07-01-2006, 11:38 PM
The AMS upgrade fuel lines/regulator kit uses -8AN SS lines, and I'd guess the same size inlets on the regulator and fuel rail, driven by two Walbro pumps, as you are considering.

I'm building a system with an intank Denso Supra TT pump (1020) and a Bosch 044 inline pump, both of which have a little higher flow volume capacity than the Walbros, and, in my opinion, a little more reliability. I'm thinking about using a regulator with -8 inlets, but -6 should be fine, based on any reasonable fuel demand calculations :)

Mr. Moose
07-01-2006, 11:43 PM
Why would two inline pumps flow more than one?* I understand how two pumps in parallel will flow twice as much as one but I don't understand two in series

The intank pump prepressurizes the fuel, allowing the second pump to "start" its work at a lower intake pressure compared to a system without the intank pump.

tabio42
07-01-2006, 11:49 PM
Kinda like two turbos in series I guess.

Mr. Moose
07-01-2006, 11:53 PM
That's probably a good analogy.

07-01-2006, 11:54 PM
The AMS upgrade fuel lines/regulator kit uses -8AN SS lines, and I'd guess the same size inlets on the regulator and fuel rail, driven by two Walbro pumps, as you are considering.

I'm building a system with an intank Denso Supra TT pump (1020) and a Bosch 044 inline pump, both of which have a little higher flow volume capacity than the Walbros, and, in my opinion, a little more reliability. I'm thinking about using a regulator with -8 inlets, but -6 should be fine, based on any reasonable fuel demand calculations :)


Thank you very much for sharing your knowledge. We were able to get 540whp/492wtq out of the single Walbro before it started showing signs of being tapped out. I'm hoping to give my car enough fuel supply to push for ~600whp (or a little lower) for drag racing purposes. I have absolutely no desire to go any further than that. I've been having to focus my money on other more important *aspects of life lately, so I'm having to go slow and get the most bang for the buck.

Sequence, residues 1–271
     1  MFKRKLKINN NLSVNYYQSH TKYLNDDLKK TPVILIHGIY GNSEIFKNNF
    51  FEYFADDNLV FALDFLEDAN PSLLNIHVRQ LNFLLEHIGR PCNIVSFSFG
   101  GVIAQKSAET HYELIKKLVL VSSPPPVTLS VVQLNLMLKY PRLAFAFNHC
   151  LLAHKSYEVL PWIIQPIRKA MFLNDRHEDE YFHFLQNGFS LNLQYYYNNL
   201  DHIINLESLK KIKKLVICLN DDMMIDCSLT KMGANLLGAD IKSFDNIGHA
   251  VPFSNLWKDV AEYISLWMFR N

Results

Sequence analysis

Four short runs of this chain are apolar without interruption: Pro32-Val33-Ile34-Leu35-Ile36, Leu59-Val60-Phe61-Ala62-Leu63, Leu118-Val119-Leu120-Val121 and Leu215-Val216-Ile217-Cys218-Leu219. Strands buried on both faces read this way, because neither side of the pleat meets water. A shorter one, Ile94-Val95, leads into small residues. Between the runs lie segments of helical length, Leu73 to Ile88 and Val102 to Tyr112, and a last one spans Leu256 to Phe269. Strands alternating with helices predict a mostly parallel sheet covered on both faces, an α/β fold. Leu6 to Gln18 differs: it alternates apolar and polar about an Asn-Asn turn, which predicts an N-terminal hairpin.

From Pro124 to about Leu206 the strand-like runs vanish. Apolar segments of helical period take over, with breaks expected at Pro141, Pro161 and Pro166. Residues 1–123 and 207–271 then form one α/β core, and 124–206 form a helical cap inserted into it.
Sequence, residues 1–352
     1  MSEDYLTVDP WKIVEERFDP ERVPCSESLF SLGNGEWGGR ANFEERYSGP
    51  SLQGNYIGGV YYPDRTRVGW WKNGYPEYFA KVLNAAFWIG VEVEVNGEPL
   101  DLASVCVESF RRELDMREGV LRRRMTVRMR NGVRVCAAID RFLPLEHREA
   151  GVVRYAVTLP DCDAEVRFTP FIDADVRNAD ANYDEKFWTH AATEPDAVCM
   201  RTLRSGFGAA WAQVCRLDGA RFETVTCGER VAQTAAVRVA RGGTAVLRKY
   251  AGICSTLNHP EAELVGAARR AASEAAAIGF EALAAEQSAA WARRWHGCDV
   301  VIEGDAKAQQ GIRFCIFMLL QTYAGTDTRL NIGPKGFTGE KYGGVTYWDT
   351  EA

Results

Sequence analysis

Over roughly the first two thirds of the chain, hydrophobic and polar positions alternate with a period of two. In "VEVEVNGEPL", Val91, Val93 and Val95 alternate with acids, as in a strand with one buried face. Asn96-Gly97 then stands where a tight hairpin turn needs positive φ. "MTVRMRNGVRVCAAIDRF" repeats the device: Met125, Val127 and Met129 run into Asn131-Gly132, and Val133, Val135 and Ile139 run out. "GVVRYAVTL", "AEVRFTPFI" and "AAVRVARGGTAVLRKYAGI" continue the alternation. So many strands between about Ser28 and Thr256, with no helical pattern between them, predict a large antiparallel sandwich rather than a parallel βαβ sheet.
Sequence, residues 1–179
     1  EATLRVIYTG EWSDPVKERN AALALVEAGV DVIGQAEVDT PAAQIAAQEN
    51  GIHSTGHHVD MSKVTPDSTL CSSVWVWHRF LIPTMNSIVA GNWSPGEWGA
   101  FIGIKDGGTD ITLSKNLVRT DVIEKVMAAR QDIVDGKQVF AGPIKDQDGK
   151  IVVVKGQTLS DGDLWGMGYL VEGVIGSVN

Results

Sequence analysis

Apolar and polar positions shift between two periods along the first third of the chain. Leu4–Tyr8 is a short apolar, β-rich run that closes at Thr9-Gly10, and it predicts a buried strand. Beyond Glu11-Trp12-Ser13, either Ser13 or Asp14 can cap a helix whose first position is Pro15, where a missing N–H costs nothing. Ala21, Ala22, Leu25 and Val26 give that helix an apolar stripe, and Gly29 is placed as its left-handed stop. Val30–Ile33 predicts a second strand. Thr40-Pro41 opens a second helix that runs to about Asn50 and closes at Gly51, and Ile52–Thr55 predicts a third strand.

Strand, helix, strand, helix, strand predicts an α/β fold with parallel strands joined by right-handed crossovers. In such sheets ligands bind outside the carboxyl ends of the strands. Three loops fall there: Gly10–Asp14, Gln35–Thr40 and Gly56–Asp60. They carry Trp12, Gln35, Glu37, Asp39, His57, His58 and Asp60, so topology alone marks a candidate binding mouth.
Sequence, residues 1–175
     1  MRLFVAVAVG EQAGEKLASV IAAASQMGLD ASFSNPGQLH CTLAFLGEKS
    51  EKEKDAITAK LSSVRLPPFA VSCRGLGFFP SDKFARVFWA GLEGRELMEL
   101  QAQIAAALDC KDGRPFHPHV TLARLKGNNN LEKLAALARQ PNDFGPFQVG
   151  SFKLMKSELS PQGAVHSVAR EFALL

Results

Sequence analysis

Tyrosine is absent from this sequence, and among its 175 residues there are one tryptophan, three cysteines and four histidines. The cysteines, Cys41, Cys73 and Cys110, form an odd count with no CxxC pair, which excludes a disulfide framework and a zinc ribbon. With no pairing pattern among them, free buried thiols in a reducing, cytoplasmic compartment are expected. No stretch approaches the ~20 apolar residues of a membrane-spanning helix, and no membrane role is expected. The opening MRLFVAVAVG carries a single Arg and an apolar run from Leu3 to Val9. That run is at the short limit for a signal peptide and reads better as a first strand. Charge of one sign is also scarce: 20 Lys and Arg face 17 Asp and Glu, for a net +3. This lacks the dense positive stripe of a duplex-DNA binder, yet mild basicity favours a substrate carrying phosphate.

Mr. Moose
07-02-2006, 12:07 AM
It's interesting that Evo tuners have been using single Walbros on the 4g63 at HP levels that the DSM 4g63 tuners would have already upgraded fuel systems at substantially lower HP levels. Perhaps the stock Evo system is higher flow capacity, but my personal observation is that lack of fuel is a very common cause of major engine damage (from running lean). Lean can be caused by lack of pump volume capacity overall (engine demand higher than pump can meet), or by lack of pump capacity at higher pressures needed to overcome the increased pressure in the manifold at high boost. I just figure that upgrading the fuel system is cheap insurance if you have a 500+HP motor you're trying to keep happy and healthy.

Do you have a fuel pressure gauge, optimally with a warning function? If you use Defi gauges, the controller has a function that compares boost with fuel pressure and warns if they don't rise together...

07-02-2006, 12:23 AM